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Masjid Al Hayy Offers Vaccine Events Ahead of and In the Spirit of Ramadan: "We're Open For Anyone To Come In"

Photo: Masjid al Hayy
Photo: Masjid al Hayy

Masjid Al Hayy was one of the first mosques in Central Florida to act as a vaccine site. 

WMFE spoke to mosque outreach coordinator Minaz Manekia about how distributing shots fit with the mosque’s mission.

Danielle: So you were the first mosque to act as a vaccine site in Seminole County. Why was it important to get involved in the governor's efforts to vaccinate at houses of worship?

Minaz: So we're actually fortunate, we're part of the Sheriff, Seminole County Sheriff's Office faith based member. And they played an instrumental part in getting us the opportunity to have the mobile site vaccine.

And we're because of our outreach events, we're very involved civically involved in the community with our outreach efforts.

Danielle: Can people still get vaccinated at your mosque? And who's eligible and how does it work?

Minaz: So, on February 27, we had 400 appointments for the vaccine. And this was all managed by the EMS team and the second dose is scheduled for March 20. As of now, we're just doing the first and the second dose all 65 and above, or health or non-hospital health care workers.

Danielle: And what should people keep keep in mind ahead of that second dose event?

Minaz: So basically, they need to bring their vaccination cards with them.

I think the first time when they came, they saw how the process was. I think they'll be more prepared because we got a lot of questions that they didn't know what to expect coming into a mosque. And there was a lady who actually wrote saying, 'I felt God was there.'

And it gave me the goosebumps, because this was only in the dining area that you know, we were performing this vaccine, it wasn't even in the main hall.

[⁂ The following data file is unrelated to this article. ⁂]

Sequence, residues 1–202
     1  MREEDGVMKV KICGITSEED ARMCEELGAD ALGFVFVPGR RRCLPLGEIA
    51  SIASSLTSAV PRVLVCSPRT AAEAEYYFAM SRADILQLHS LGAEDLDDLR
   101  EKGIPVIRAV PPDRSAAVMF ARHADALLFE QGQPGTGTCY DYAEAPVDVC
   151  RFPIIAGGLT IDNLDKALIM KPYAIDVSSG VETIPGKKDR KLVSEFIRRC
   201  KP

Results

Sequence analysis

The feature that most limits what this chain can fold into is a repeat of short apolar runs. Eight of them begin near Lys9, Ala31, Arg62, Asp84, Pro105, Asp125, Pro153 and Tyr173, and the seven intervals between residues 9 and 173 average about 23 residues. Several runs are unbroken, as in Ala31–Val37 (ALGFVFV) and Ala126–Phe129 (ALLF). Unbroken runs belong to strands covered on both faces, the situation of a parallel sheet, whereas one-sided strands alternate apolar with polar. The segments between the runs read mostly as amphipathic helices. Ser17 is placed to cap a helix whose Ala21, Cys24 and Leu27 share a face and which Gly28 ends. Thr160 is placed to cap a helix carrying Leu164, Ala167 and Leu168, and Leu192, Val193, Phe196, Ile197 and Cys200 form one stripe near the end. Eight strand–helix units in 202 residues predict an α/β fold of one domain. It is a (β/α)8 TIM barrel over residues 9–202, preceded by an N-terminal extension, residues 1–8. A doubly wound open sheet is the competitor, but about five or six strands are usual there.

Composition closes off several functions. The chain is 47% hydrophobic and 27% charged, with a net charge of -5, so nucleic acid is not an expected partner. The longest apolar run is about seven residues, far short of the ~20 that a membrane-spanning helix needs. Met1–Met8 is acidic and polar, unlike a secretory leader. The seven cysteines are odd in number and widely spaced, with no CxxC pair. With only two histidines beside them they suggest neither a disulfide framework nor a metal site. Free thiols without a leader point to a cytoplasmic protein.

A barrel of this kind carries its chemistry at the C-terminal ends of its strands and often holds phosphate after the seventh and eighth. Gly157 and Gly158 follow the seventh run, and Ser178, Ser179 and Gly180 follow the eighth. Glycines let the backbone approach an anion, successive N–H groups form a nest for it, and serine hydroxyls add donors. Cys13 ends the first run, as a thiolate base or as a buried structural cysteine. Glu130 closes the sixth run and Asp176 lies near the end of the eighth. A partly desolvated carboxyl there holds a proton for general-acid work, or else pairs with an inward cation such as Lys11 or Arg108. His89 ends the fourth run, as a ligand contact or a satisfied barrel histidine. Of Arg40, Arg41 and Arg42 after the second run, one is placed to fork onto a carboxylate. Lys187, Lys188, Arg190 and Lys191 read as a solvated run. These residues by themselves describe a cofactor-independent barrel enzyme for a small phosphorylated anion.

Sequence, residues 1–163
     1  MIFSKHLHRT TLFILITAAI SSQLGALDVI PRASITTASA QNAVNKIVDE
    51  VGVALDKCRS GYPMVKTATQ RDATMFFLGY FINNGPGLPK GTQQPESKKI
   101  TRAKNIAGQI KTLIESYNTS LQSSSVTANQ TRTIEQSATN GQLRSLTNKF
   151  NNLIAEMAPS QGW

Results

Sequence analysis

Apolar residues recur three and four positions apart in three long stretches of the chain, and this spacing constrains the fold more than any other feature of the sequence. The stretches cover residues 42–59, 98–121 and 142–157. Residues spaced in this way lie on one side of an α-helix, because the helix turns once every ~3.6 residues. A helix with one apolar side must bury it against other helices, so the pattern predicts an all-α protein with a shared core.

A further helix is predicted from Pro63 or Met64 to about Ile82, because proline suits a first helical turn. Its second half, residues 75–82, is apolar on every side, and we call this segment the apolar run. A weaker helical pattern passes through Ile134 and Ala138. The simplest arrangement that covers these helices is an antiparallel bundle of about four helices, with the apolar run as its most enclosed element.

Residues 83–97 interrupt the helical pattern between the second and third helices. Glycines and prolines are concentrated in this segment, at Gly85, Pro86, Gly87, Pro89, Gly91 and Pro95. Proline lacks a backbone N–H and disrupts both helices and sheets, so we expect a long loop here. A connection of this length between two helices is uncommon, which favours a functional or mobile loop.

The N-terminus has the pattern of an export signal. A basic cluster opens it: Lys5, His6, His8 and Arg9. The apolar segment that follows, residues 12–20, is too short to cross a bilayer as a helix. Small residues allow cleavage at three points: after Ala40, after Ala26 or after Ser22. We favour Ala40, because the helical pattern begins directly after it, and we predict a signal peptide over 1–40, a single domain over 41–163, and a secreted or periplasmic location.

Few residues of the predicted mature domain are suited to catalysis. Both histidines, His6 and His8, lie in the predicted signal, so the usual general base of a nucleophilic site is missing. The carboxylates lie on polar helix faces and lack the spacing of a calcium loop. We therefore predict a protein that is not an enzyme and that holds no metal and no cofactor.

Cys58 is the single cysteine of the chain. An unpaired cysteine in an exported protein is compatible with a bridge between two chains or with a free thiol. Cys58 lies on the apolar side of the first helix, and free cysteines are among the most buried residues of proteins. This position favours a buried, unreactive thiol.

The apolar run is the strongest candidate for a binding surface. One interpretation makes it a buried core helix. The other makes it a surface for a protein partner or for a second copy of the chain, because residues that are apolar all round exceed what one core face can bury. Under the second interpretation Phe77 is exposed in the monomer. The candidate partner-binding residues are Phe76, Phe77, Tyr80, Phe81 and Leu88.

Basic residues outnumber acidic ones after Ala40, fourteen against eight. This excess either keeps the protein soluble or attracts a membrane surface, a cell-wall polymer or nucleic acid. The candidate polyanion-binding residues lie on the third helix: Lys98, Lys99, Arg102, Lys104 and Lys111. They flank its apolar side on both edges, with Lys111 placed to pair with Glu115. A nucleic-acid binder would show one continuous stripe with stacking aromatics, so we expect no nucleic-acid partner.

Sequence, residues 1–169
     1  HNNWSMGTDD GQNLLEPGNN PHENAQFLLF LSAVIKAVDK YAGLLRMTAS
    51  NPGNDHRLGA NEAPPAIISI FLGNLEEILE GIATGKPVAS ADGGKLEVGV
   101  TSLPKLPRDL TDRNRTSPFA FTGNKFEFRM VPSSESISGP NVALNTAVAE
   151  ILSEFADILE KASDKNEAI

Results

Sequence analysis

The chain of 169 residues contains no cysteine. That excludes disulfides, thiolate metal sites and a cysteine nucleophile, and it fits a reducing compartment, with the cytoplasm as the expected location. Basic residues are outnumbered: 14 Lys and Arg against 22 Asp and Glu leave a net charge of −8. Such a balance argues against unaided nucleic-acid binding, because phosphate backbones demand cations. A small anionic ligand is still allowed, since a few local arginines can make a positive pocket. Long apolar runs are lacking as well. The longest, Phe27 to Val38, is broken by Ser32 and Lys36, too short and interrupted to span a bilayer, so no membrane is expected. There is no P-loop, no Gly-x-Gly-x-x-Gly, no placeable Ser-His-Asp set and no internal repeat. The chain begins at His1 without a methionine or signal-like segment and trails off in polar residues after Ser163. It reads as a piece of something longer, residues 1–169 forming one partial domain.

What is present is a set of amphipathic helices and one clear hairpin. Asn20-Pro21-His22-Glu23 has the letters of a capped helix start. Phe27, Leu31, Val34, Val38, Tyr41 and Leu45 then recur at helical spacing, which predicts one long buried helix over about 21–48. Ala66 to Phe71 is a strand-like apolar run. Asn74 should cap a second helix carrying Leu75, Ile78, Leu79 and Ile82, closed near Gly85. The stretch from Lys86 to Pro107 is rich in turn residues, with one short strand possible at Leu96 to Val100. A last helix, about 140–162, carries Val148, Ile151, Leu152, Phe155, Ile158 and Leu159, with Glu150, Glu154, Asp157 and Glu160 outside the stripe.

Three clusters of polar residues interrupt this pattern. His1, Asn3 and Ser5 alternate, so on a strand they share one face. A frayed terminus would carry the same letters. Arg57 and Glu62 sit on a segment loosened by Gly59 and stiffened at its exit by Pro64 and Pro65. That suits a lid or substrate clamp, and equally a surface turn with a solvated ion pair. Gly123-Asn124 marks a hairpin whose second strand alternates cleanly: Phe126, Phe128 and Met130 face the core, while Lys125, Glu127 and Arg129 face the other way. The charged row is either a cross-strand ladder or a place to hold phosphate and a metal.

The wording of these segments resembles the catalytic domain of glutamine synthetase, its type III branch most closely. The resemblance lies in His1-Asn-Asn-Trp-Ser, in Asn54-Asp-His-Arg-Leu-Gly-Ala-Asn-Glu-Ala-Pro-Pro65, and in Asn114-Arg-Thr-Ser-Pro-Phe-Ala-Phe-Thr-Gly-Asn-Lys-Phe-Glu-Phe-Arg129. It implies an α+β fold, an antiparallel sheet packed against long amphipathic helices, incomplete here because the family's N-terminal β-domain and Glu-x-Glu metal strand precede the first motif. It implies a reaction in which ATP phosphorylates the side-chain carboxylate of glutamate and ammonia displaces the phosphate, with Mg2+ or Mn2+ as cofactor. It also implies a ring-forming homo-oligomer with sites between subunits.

And she actually emailed to ask if she should wear a scarf when she comes in.

We actually request when we're doing tours at the masjid inside the main hall, we request women to wear a scarf and modest dressing. But because this was a medical facility that we offered, and it was in the dining hall, we didn't impose, you know, any rules onto anyone. And Islam is very universal. It's not, you know, it's not about imposing.

Danielle: What has it been like, preparing for Ramadan, while doing all of this at the same time? I know it's your holy month, and it's coming up very soon.

Minaz: This is another addition to what Ramadan is, is for us.

And it's all about giving back and helping the community. So this was one of the efforts that kind of puts in the umbrella of Ramadan for us. So we kind of dedicated a day to take away and just, you know, give as much as we can and prepare while we're preparing, we were able to get volunteers to come and help us and we had actually about 25 volunteers from our end on February 27, to help us make it a smooth process.

Danielle: I had one last question. What other events are you guys planning for Ramadan, in this age of social distancing and the pandemic, any any community events that you guys will still be able to put on?

Minaz: So in the first week of Ramadan, we're actually having, we host our annual interfaith iftar, where we invite the non-Muslims and you know, to come and break the fast with us.

So that is scheduled the first week of April and this time because of the pandemic we're actually hosting it outside in our courtyard. So people feel safe and you know, able to kind of continue obviously, we're limiting the amount of the participants. This is a place yes for Muslims, but we're opening it up for everyone anyone who needs to come and any any possible activity that we can do to help anyone and if it is a benefit to the community. We're open for for anyone to come in.

Danielle Prieur is WMFE's education reporter.